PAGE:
Open main menu

2019 Rugby World Cup – Oceania qualification

Qualifying for the 2019 Rugby World Cup for Oceania Rugby began in June 2016, where across 2 years, 3 teams competed for two direct qualification spots from Oceania. Two places were available to Oceania in a cross-regional play-off series' to qualify for the World Cup and or advance through the Repechage.

Two teams from the Oceania region, New Zealand and Australia, qualified automatically for the 2019 World Cup by finishing in the top 12 in the 2015 World Cup. Fiji and Tonga qualified by finishing first and second (on aggregate) in the 2016 and 2017 Pacific Nations Cup competitions. Samoa advanced to the cross regional play-off where they would play a team from Europe for a place in the World Cup; the loser would move to the Repechage. Tahiti won the 2017 Oceania Rugby Cup to advance to the second cross regional play-off, but were disqualified in March 2018 after a World Rugby investigation found they had fielded two ineligible players in their match against the Cook Islands. The Cook Islands were then declared winner of the Oceania Rugby Cup and will advance to the regional playoff to play a team from Asia for a place in the Repechage.

FormatEdit

In addition to the two automatically qualified teams (Australia and New Zealand), Oceania had been allocated two further direct berths in the tournament. A third and fourth team from Oceania could join the tournament through cross-regional play-offs and the repechage.

The first round saw the leading three Pacific Nations; Fiji, Samoa and Tonga compete for the two direct qualification spots as Oceania 1 and 2. The three teams played each other home and away across two years, using the revamped World Rugby Pacific Nations Cup in 2016 and 2017 as the regional tournament. The top two teams gained qualification for Rugby World Cup 2019 as Oceania 1 and Oceania 2.

The third-placed team then advanced to a home and away Cross-Regional play-off series against the winners of round 6 in the European regional qualifiers, Europe 2.

Round 2, saw the lower ranked teams in the Pacific region compete for the 2017 Oceania Rugby Cup title, where the winner progressed to a home and away Cross-Regional play-off series against the winner of round 3 in the Asian regional qualifiers, Asia 1. The winner of that series will qualify for a position in the Repechage tournament.[1]

EntrantsEdit

Five teams competed during for the 2019 Rugby World Cup – Oceania qualification; teams world rankings are prior to the first European qualification match on 11 June 2016 and bold nations denotes teams have previously played in a Rugby World Cup.

Nation Rank
(19 June 2016)
Began play Qualifying status
  Australia 2 N/A Qualified with Top 12 finish at 2015 World Cup
  Cook Islands 44 4 August 2017 Advances to Asia/Oceania play-off for repechage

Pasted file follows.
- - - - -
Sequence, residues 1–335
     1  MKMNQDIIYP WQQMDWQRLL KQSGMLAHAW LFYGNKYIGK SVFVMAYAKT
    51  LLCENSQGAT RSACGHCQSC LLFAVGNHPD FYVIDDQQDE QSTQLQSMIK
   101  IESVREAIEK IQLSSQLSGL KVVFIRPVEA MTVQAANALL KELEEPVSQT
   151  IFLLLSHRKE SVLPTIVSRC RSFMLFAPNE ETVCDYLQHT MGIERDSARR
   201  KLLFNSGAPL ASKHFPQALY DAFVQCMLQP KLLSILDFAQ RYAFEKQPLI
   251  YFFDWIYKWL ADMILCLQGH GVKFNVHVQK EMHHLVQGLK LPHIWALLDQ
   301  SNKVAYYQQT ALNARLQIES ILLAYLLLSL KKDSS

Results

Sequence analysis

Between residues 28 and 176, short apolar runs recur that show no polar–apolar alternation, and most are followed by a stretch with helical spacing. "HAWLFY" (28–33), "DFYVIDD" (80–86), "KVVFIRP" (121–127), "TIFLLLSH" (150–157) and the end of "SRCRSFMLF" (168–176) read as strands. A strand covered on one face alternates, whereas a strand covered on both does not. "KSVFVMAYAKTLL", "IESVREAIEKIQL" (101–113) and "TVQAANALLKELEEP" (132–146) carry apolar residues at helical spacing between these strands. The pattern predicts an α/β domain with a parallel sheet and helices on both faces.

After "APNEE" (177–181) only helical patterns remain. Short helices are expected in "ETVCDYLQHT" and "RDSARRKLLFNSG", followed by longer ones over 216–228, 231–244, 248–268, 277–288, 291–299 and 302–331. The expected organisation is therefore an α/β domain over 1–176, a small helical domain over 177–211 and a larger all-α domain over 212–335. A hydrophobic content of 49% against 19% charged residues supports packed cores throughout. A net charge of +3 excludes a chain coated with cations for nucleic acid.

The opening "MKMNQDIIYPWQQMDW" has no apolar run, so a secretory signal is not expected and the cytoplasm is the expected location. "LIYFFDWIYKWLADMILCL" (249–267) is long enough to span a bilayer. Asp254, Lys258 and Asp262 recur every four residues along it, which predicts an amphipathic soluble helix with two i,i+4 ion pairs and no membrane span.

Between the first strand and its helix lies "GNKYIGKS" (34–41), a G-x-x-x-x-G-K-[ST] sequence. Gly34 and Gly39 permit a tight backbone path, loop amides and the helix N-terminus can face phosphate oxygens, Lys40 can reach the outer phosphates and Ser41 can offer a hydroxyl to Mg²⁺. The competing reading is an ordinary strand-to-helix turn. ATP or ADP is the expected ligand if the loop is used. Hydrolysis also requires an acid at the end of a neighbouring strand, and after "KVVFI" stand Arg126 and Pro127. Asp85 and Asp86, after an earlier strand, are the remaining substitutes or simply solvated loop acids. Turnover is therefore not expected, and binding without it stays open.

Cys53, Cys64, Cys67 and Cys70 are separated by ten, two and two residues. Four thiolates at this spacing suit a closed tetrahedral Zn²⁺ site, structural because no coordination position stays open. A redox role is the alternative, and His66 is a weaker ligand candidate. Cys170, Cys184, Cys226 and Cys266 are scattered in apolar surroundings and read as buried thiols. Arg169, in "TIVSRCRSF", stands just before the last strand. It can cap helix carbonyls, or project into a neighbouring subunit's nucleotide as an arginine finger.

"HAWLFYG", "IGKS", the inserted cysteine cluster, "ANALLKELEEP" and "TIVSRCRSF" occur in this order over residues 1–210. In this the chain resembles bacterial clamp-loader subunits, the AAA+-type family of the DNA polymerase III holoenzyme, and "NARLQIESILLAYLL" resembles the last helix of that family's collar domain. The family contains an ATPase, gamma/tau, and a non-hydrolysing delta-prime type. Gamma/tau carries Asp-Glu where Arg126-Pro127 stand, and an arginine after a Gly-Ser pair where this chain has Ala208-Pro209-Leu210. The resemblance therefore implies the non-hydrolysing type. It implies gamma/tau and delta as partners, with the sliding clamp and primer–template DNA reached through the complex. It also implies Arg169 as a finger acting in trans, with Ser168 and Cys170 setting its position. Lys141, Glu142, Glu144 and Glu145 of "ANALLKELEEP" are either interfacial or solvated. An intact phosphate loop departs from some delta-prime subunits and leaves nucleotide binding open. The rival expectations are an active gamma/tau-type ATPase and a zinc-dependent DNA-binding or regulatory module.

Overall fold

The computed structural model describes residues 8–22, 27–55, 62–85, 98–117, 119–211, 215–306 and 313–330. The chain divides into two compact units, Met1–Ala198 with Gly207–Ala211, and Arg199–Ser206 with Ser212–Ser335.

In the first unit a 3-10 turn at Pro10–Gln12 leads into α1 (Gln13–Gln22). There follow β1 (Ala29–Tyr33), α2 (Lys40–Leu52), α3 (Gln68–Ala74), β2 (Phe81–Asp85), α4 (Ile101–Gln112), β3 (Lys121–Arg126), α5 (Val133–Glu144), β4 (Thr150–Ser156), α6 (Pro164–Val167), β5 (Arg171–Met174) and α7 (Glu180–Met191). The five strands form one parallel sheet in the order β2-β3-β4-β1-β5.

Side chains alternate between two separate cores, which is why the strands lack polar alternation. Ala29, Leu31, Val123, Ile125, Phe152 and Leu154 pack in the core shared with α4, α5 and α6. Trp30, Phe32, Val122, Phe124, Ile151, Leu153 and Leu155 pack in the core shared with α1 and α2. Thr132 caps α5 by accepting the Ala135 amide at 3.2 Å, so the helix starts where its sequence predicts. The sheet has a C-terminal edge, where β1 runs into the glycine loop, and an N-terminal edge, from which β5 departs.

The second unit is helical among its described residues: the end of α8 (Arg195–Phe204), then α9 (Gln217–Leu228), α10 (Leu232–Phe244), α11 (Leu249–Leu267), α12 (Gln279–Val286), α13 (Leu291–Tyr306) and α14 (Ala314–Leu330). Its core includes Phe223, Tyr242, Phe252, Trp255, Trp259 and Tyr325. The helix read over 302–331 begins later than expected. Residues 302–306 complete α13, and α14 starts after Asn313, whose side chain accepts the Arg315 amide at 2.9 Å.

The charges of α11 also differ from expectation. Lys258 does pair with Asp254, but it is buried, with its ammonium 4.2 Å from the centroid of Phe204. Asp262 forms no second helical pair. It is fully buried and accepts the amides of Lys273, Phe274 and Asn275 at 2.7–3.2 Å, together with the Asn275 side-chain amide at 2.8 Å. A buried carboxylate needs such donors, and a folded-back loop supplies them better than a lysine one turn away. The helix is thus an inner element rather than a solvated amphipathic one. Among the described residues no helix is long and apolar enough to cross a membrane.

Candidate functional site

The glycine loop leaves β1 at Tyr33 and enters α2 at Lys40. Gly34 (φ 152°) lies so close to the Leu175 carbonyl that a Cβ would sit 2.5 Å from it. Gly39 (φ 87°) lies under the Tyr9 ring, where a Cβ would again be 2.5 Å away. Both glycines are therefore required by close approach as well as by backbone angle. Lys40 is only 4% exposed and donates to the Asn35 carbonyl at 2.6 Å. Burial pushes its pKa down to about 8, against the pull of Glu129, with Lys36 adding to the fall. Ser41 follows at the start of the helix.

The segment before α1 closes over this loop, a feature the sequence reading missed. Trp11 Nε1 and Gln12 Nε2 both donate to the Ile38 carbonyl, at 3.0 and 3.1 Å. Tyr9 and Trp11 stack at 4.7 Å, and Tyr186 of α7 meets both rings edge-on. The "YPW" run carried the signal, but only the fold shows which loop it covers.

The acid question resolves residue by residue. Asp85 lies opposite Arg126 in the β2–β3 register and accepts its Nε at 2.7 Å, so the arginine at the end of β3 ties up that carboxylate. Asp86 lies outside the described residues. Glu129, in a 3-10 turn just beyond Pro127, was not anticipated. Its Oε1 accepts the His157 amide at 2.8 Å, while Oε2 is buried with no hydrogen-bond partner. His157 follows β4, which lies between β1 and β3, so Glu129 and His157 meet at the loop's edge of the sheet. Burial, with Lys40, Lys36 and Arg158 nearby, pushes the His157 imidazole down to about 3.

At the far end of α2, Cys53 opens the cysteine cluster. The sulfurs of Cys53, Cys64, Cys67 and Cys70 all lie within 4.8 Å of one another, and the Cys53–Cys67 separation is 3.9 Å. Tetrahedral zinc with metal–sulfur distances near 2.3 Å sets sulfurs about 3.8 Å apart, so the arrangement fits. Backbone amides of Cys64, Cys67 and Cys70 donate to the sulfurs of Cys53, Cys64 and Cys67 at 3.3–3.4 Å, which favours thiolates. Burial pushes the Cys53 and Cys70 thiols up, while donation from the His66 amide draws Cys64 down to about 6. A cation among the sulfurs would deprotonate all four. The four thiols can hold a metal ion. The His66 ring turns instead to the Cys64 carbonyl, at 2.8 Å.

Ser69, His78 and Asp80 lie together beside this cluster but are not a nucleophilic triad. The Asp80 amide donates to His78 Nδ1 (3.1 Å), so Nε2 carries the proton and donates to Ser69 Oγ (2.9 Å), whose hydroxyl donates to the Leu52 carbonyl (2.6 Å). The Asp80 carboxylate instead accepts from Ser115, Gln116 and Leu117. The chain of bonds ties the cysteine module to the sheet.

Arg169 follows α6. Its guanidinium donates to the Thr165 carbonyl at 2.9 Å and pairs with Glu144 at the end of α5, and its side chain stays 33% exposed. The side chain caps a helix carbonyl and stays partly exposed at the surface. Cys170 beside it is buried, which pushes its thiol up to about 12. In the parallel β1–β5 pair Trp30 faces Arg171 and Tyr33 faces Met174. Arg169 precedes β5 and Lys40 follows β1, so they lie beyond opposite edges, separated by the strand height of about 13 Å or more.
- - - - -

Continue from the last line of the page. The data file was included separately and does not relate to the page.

Fiji 11 11 June 2016 Qualified by beating Tonga on 8 July 2017
  New Zealand 1 N/A Qualified with Top 12 finish at 2015 World Cup
  Samoa 15 18 June 2016 Advances to Europe/Oceania play-off
  Tahiti 93 4 August 2017 Disqualified for fielding ineligible players
  Tonga 13 11 June 2016 Qualified after Fiji beat Samoa on 15 July 2017

Round 1: Pacific Nations cup 2016–2017Edit

Qualifies for RWC
Advances to Europe/Oceania play-off
Rank Team Games Points Tries Bonus
Points
Table Points
Played Won Drawn Lost For Against Diff For Against
1   Fiji 4 4 0 0 101 60 +41 11 5 1 17
2   Tonga 4 1 0 3 68 93 –25 7 9 2 6
3   Samoa 4 1 0 3 88 104 –16 5 8 1 5
Points breakdown:
*4 points for a win
*2 points for a draw
*1 bonus point for a loss by seven points or less
*1 bonus point for scoring four or more tries in a match

Round 2: 2017 Oceania Rugby CupEdit

The Cook Islands, as winners, advance to the Asia/Oceania play-off for repechage.

4 August 2017
15:00 CKT (UTC-10)
Cook Islands   Match awarded to Cook Islands
9–13
  Tahiti
Cook Islands National Stadium, Avarua
Referee: Alan Aiolupotea (Samoa)

Despite Tahiti winning the match on 5 August 2017, the result was overturned on 23 March 2018, and Tahiti were ejected from qualifying after being found to have breached player eligibility regulations in the Oceania Cup clash. Cook Islands therefore progressed.[14]

ReferencesEdit

  1. ^ "Cook Islands to Host 2017 Oceania Rugby Cup". oceaniarugby.com. Retrieved 2017-05-22.
  2. ^ rugbybworldcup.com. "Rugby World Cup 2019". www.rugbyworldcup.com. Retrieved 14 September 2017.
  3. ^ worldrugby.org. "Fiji battle back to win Pacific Nations Cup opener". worldrugby.org. Retrieved 14 September 2017.
  4. ^ rugbybworldcup.com. "Rugby World Cup 2019". www.rugbyworldcup.com. Retrieved 14 September 2017.
  5. ^ rugbybworldcup.com. "Fiji win Pacific Nations Cup crown". rugbyworldcup.com. Retrieved 14 September 2017.
  6. ^ rugbybworldcup.com. "Rugby World Cup 2019". www.rugbyworldcup.com. Retrieved 14 September 2017.
  7. ^ rugbybworldcup.com. "Samoa end PNC 2016 on a high". rugbyworldcup.com. Retrieved 14 September 2017.
  8. ^ worldrugby.org. "Pacific Nations Cup". www.worldrugby.org. Retrieved 14 September 2017.
  9. ^ worldrugby.org. "Takulua leads Tonga to victory". worldrugby.org. Retrieved 14 September 2017.
  10. ^ worldrugby.org. "Pacific Nations Cup". www.worldrugby.org. Retrieved 14 September 2017.
  11. ^ worldrugby.org. "Fiji qualify for RWC 2019". worldrugby.org. Retrieved 14 September 2017.
  12. ^ worldrugby.org. "Pacific Nations Cup". www.worldrugby.org. Retrieved 14 September 2017.
  13. ^ worldrugby.org. "Tonga qualify for RWC 2019 as Oceania 2". worldrugby.org. Retrieved 14 September 2017.
  14. ^ World Rugby statement: Tahiti Rugby Union

External linksEdit